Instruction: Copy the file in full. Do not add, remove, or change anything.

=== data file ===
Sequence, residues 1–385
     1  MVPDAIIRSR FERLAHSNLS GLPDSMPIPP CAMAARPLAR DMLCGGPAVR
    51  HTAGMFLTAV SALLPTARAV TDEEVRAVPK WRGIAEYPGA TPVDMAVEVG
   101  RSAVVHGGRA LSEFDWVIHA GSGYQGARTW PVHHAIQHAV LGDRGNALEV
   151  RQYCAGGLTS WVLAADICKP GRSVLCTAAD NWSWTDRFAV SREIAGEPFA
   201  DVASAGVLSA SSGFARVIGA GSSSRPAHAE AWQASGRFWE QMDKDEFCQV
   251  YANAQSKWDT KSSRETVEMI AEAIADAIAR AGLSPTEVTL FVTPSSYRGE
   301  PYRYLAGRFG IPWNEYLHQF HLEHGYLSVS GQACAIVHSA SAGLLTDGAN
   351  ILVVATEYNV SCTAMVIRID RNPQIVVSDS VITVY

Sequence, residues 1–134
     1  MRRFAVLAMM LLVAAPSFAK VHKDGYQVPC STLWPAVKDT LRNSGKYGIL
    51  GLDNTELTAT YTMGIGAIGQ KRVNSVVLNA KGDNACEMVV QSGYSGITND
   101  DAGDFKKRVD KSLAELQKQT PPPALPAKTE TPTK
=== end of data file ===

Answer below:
Sequence, residues 1–385
     1  MVPDAIIRSR FERLAHSNLS GLPDSMPIPP CAMAARPLAR DMLCGGPAVR
    51  HTAGMFLTAV SALLPTARAV TDEEVRAVPK WRGIAEYPGA TPVDMAVEVG
   101  RSAVVHGGRA LSEFDWVIHA GSGYQGARTW PVHHAIQHAV LGDRGNALEV
   151  RQYCAGGLTS WVLAADICKP GRSVLCTAAD NWSWTDRFAV SREIAGEPFA
   201  DVASAGVLSA SSGFARVIGA GSSSRPAHAE AWQASGRFWE QMDKDEFCQV
   251  YANAQSKWDT KSSRETVEMI AEAIADAIAR AGLSPTEVTL FVTPSSYRGE
   301  PYRYLAGRFG IPWNEYLHQF HLEHGYLSVS GQACAIVHSA SAGLLTDGAN
   351  ILVVATEYNV SCTAMVIRID RNPQIVVSDS VITVY

Sequence, residues 1–134
     1  MRRFAVLAMM LLVAAPSFAK VHKDGYQVPC STLWPAVKDT LRNSGKYGIL
    51  GLDNTELTAT YTMGIGAIGQ KRVNSVVLNA KGDNACEMVV QSGYSGITND
   101  DAGDFKKRVD KSLAELQKQT PPPALPAKTE TPTK